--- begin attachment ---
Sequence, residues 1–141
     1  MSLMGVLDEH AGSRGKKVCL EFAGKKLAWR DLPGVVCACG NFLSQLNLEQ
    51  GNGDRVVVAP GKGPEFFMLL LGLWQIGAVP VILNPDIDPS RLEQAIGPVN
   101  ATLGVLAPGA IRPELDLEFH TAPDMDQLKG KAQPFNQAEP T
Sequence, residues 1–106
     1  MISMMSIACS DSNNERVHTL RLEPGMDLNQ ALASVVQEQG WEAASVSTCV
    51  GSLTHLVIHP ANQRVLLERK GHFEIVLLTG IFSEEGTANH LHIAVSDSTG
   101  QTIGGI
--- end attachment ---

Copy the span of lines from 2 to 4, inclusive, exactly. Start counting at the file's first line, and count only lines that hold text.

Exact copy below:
     1  MSLMGVLDEH AGSRGKKVCL EFAGKKLAWR DLPGVVCACG NFLSQLNLEQ
    51  GNGDRVVVAP GKGPEFFMLL LGLWQIGAVP VILNPDIDPS RLEQAIGPVN
   101  ATLGVLAPGA IRPELDLEFH TAPDMDQLKG KAQPFNQAEP T